Under her guidance, the manager explained, the circle process began. Under it, stakeholders come together, harms are identified and a path to healing is put in place.

The first circle included the town manager, human-resources director, the acting chief, a patrol officer and an Arlington resident who is a police official in another community. This group met three times and came to a restorative agreement that outlined the conditions that Pedrini faced.

One tenet was was to conduct a circle with representatives of the communities most acutely harmed by Pedrini’s writings.

A second circle sought participation from as many stakeholders as possible. Nine community members participated plus those who were part of the first circle. Of the nine community members, five were people of color. Through their own personal and professional experiences they represented the refugee/immigrant community, the African-American community, the Asian-American community, the faith community and people of lower income.

As part of the second circle, shared were 114 community-impact statements collected by the Human Rights Commission.

The manager wrote: "Between circle participants and the community statements, Lt. Pedrini was confronted with a broader scope of the harm that he caused. He saw and heard how real the pain was and had to respond in real time to these emotions as they were being expressed.

What can be shared about agreement

"Ultimately, the second circle ended with additions being made to the restorative agreement. Though the specific terms of the restorative agreement are confidential, the major components include:

  • "A commitment by Lt. Pedrini to write and issue a public apology.
  • "A commitment by Lt. Pedrini to attend all roll calls of the APD along with Acting Chief Flaherty to describe to all of the women and men of the APD what he had learned from the restorative process.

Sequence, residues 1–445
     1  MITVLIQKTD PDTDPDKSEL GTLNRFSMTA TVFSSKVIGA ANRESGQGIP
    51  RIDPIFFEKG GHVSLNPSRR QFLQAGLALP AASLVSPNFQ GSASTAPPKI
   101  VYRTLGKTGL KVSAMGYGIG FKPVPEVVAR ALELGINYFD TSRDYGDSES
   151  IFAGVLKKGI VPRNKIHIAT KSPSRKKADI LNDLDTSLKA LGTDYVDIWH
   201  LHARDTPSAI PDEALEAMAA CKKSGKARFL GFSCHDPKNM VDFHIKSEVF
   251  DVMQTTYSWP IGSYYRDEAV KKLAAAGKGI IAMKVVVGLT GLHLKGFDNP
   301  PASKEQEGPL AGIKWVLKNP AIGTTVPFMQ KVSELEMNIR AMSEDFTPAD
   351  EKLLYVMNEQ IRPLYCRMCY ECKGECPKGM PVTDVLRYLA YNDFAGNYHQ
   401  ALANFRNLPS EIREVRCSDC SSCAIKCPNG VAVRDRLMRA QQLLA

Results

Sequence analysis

• "A commitment by Lt. Pedrini to engage in further community dialogues in order to advance healing in the community.
  • "A commitment by Lt. Pedrini to attend trainings with the Chief and community members to further his understanding of the communities that he harmed.
  • "An administrative assignment for at least 60 days upon his return to work.
  • "A significant suspension, in accordance with departmental rules and regulations and the Ranking Officers’ collective bargaining agreement.

The manager added: "To be clear, as the appointing authority, this was my decision. There was no vote taken in the RJ circle. However, I used all that I had seen and heard through the circles to make this determination and the determination was not made until the final community circle was complete." 

Reports by Laura Kiesel: June and August 

Citizen petition

Opinion, June 26, 2019: What further should the town do after officer's harsh comments?

May 29, 2019: Forum on racism turns to restorative justice, Lt. Pedrini

May 1, 2019: Rights group withdrew from restorative justice for Pedrini after protest 

This news summary was published Wednesday, Aug. 14, 2019.